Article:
1. It allows you to set up a more accurate budget in the future. I can take my 2012 spreadsheet and be supremely confident that the figure that I budget for food, utilities, or even gifts is going to be accurate and attainable. Most people simply offer educated guesses when budgeting for a new year.
2. It allows you to analyze and trim your expenses more efficiently. You have all the information you need to notice that a change needs to be made. Let’s say that you have a water leak in your home. You know you have a leak because there’s a puddle of water in your basement. However, unless you know specifically where the leak is coming from, there’s very little you can do to stop it. The puddle only tells you that there’s a problem – not how to fix it.
It’s the same way with our finances. You may know that you have a problem because your credit card balances continue to climb, or you’re just not able to save as much as you think you should, but until you diagnose where the leak is coming from, you won’t be able to fix it. You may find after 3 months of tracking that you’re spending much more on your grocery bill than you had imagined. Now you’re equipped to make a change.
My 2012 Annual Expenses
I had set up an annual budget of $25,000 for 2012, and we nearly made it. We ended up spending a total of $25,149 – $149 over budget. However, I’m giving myself a pass on this one because we had to redo our roof when it started leaking this summer. I’ll talk more about this in a moment, but that was a $1200 expense that was not planned for. Sure, we set aside some money for house repairs, but not quite that much. However, we’re also able to put plenty of money in savings each year, so an overage isn’t as big of a deal as it used to be.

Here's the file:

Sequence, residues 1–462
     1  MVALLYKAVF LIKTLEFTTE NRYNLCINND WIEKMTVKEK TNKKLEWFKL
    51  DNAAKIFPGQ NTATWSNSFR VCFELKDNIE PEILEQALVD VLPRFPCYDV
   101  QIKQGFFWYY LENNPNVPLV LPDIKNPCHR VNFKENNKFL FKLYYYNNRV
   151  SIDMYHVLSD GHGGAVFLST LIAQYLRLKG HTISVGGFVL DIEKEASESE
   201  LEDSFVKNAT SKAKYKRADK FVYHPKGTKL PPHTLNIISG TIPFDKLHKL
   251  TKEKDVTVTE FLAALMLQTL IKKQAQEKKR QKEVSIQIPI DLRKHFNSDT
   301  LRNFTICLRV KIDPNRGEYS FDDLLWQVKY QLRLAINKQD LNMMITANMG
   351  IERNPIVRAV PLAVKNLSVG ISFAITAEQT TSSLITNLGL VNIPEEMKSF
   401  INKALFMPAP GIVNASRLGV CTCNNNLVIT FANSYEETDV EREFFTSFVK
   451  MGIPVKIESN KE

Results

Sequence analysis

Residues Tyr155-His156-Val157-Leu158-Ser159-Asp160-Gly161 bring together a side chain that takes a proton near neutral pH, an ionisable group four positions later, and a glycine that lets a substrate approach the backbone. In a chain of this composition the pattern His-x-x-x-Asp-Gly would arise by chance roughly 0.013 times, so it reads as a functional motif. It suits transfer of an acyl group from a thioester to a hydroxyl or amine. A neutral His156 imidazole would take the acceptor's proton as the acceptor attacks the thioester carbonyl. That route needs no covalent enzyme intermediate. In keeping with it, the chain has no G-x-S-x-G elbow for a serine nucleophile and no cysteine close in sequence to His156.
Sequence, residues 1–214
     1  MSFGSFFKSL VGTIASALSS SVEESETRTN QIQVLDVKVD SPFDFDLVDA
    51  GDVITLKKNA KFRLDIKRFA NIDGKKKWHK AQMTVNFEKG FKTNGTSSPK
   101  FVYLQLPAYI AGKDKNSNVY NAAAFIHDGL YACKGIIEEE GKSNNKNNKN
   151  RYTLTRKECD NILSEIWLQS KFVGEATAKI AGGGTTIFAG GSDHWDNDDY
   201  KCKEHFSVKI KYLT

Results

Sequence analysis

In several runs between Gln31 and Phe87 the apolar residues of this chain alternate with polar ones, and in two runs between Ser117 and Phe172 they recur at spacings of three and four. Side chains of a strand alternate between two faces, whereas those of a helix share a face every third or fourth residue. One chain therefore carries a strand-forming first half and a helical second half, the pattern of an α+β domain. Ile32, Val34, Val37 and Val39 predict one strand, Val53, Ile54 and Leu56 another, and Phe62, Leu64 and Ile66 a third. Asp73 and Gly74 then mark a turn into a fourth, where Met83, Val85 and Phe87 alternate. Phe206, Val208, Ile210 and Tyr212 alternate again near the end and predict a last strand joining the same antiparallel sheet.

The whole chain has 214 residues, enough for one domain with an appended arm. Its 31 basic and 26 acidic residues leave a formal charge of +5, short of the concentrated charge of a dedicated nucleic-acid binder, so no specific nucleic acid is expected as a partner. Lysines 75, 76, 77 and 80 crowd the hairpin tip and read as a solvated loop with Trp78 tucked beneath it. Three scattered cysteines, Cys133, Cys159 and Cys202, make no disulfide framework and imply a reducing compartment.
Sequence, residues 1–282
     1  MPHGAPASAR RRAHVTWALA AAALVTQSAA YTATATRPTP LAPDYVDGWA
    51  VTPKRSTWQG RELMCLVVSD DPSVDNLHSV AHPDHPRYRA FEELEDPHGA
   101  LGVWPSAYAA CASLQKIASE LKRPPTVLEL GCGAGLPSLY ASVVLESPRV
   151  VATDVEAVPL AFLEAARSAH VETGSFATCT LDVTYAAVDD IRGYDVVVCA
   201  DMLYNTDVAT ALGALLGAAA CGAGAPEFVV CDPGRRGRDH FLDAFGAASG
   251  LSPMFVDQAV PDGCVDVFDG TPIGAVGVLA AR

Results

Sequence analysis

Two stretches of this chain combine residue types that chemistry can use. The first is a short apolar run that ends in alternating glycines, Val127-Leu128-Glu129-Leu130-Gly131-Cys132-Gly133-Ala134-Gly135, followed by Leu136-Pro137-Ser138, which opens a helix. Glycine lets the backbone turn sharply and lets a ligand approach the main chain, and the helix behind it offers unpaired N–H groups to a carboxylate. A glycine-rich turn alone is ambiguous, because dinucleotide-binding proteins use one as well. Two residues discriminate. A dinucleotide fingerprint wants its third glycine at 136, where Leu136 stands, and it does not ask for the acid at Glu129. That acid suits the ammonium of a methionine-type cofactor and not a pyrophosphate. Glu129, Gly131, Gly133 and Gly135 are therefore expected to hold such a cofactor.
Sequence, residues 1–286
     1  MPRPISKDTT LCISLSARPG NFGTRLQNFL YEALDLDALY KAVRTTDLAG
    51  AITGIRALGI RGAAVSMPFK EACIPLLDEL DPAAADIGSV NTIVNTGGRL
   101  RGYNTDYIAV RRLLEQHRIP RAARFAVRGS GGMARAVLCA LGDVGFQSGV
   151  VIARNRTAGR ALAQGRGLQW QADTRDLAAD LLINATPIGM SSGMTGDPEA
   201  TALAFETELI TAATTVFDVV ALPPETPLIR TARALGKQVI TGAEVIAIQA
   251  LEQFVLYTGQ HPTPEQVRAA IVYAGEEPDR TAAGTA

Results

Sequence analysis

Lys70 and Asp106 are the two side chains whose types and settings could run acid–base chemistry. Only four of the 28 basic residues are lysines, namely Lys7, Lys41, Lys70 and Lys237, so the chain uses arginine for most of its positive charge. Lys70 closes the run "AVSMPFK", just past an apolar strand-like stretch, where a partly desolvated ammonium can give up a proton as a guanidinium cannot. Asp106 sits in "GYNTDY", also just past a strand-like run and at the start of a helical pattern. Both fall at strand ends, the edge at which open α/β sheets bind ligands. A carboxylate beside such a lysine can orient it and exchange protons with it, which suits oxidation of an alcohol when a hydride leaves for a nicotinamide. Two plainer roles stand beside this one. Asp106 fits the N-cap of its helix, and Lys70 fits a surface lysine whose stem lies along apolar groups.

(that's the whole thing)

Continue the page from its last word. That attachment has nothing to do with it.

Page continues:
The percentages shown are a % of our total expenses, not income.
Our Expenses Explained:
Here’s a more detailed analysis of some of the more important categories, from largest to smallest. Again, the % shown is the percentage of our total expenses – not our income.
1. Mortgage + Escrow (24.16% – $6,075)
We live in a reasonably modest 1300 square foot home, well below what the bank says we can afford. We like it that way. It makes for plenty of breathing room in the budget. This figure is what we paid to our mortage (principal and interest), as well as our property taxes and insurance. We pay a little extra each month, but nothing extraordinary. This is our last piece of debt, but I’m not really in a huge hurry to pay it off. With a low rate and a little equity in case we needed to sell, I’d actually prefer to keep my cash in real estate investments right now, where it can make a better return on investment.